Members of the Surette laboratory were features in a CTV News piece on the effectiveness of feal transplants in the treatment of irritable bowl disease.
Congratulations to Fiona for publishing the review article “A guide to bioinformatics for immunologists” in Frontiers Immunology. The idea of this article spawned from the research that Fiona conducted in the Bowdish lab on the elucidation of the evolutionary history and relationships between the members of the class A scavenger receptors, proteins required for host defense and homeostasis. During this time, Fiona used multiple bioinformatic techniques and tools to form hypotheses as to the function of one under-annotated member of this family, SCARA3. Even though most of these tools are easy-to-use and require little computational knowledge, Fiona and Dawn discovered through their interactions with other immunologists that these tools were being under utilized. Thus, they decided to write a review of how bioinformatic techniques can help the average immunologist in their quest for knowledge about the structure of their protein of interest, how to find SNPs that may correlate with disease phenotype, and how to conduct sequence alignments in order to find areas that are conserved across various genes.
This review article is written as a case study that follows Fiona’s research into SCARA3 that begins with obtaining the NCBI Reference FASTA sequence of the protein, predicting post-translational modifications, identifying conserved motifs, hypothesizing as to the structure of the protein, examining SCARA3’s transcriptomic profile in different immunological cell types, and analyzing any potential SNPs within the DNA sequence of SCARA3 that may correlate with disease. The article is written with the immunologist in mind and includes the use of only “point and click” tools that require no computational background whatsoever.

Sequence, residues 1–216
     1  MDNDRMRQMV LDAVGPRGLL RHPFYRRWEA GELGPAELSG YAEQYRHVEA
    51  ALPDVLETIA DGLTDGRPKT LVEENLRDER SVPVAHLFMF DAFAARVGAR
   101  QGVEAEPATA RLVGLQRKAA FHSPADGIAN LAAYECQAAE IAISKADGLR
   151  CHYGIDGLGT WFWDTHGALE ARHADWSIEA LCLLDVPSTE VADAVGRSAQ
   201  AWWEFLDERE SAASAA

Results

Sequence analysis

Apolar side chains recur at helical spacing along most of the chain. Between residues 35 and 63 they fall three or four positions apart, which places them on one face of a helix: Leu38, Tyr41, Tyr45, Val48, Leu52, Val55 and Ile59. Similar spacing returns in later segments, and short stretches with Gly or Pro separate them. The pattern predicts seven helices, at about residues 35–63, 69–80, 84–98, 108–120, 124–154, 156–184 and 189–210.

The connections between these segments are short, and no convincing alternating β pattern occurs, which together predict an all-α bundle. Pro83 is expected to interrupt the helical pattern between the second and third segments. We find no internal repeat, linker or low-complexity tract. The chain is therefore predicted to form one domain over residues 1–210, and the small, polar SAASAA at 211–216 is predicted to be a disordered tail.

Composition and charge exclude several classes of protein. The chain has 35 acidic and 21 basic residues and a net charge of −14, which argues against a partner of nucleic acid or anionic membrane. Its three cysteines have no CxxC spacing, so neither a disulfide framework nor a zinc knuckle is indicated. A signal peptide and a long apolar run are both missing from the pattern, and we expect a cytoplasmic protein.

Fiona’s paper is Open Access and you can enjoy reading it here.
The laboratories of both Dr. Bowdish and Dr. Surette are always interested in undergraduate and graduate students interested in exploring the impact bioinformatics can have on immunological and microbiological research.
Matt & Mike recently published their story on the heterogeneity of one of the lab’s favourite bugs, Pseudomonas aeruginosa, in PLOS ONE. See McMaster’s IIDR news coverage and a link to the publication here.
With the returning of Undergraduates to campus this September, McMaster’s Shinerama Campaign has been in full-swing, including a promotional video for the cause. Featuring researchers, volunteers, and those effected by Cystic Fibrosis, this video is a great summary of the Shinerama message. Check it out here!
Congratulations to Julie for winning awards in Graduate Program Excellence and Excellence in Oral Presentations at the Faculty of Health Sciences Plenary!